The US Federal Trade Commission (FTC) has filed an amicus (friend of the court) brief with a District Court, pointing out the potential for brand-name drugmakers to "improperly" use restricted drug distribution programmes to impede generic competition.

The FTC has filed the brief in the US District Court for the District of New Jersey, in the matter of Actelion Pharms Ltd vs Apotex Inc. This case involves allegations that Actelion has prevented Actavis, Apotex and Roxane from offering competing generic versions of Actelion's branded drugs Tracleer (bosentan) for pulmonary arterial hypertension and Zavesca (miglustat), which is used to treat type 1 Gaucher disease, by precluding them from obtaining samples of those drugs to perform necessary testing.

In order to obtain Food and Drug Administration (FDA) approval, generics makers are required to conduct bioequivalence testing to demonstrate that a generic formulation is therapeutically equivalent to the branded drug. This testing requires access to a limited amount of the branded product.

Certain branded drugs have distribution restrictions on them, frequently as part of FDA-mandated Risk Evaluation and Mitigation Strategies (REMS), and these may be used to prevent generics firms from accessing samples of the branded product, the FTC points out. Branded firms have also implemented distribution restrictions for drugs that are not subject to a REMS, it adds.

Among other claims, the generics firms allege that Actelion's conduct violates federal antitrust laws. Actelion seeks a broad declaration that it is under "no duty or obligation" to sell its products to potential competitors. Actelion points out that its distribution restrictions are required by the FDA, but also argues that its right to refuse to sell to the generics firms is "nearly absolute and would apply even without any FDA mandate."

But, says the FTC, if Actelion's legal position were to be adopted by the court, this could pose a significant threat to competition in the pharmaceutical industry. In the Hatch-Waxman Act, Congress designed a regulatory framework to encourage the introduction of low-cost generic drugs while preserving incentives for innovation. The Act created a mechanism for accelerated approval of generic drugs based on a showing that the generic formulation is bioequivalent to the branded drug, and this has been very successful in facilitating generic competition and generating large savings for consumers, the Commission tells the Court.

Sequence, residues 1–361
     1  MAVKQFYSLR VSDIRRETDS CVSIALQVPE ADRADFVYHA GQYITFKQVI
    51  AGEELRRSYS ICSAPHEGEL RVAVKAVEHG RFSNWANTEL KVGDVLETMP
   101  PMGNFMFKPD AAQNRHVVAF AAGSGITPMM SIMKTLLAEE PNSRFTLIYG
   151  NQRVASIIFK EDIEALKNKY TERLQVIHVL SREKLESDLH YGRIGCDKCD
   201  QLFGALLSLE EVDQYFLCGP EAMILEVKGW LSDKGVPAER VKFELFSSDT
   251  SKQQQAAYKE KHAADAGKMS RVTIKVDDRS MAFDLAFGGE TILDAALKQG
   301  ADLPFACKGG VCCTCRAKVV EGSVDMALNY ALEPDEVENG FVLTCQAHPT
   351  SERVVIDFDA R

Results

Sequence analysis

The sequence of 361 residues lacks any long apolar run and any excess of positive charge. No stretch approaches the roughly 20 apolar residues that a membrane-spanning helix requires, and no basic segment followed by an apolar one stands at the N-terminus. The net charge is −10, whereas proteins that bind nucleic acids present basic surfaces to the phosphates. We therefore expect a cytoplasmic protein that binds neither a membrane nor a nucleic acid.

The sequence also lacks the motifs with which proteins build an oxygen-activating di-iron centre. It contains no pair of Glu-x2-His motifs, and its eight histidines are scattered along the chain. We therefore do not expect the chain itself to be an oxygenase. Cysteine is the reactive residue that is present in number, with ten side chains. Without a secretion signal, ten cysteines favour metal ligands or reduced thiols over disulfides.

But, it warns, the Act cannot function as Congress intended if generics firms are unable to access samples of branded products. The generics makers' antitrust claims are not barred as a matter of law, and their allegations in this case fit within established Supreme Court precedent holding that a monopolist's refusal to sell to its potential competitors may, under certain circumstances, violate Section 2 of the Sherman Act, the US competition legislation passed in 1890.

The FTC brief also clarifies that a distribution agreement between a branded drugmaker and its distributors may violate Section 1 of the Sherman Act, even when the agreement involves a patented product.

The Commission's intervention has been welcomed by the Generic Pharmaceutical Association (GPhA). "The issues raised here are critically important," and the resolution of this case "will have profound effects on a multibillion-dollar industry and the prescription drug choices of hundreds of millions of Americans," says GPhA chief executive Ralph Neas.

Nearly 40% of new drugs are currently subject to FDA-imposed safety restrictions, and branded drugmakers are abusing this channel, which is designed to protect patients, to block competition, he says.

"We applaud the FTC for taking this strong action in support of consumers and taxpayers. They are right on the policy, right on the law and taking the right action for the American people," he concludes.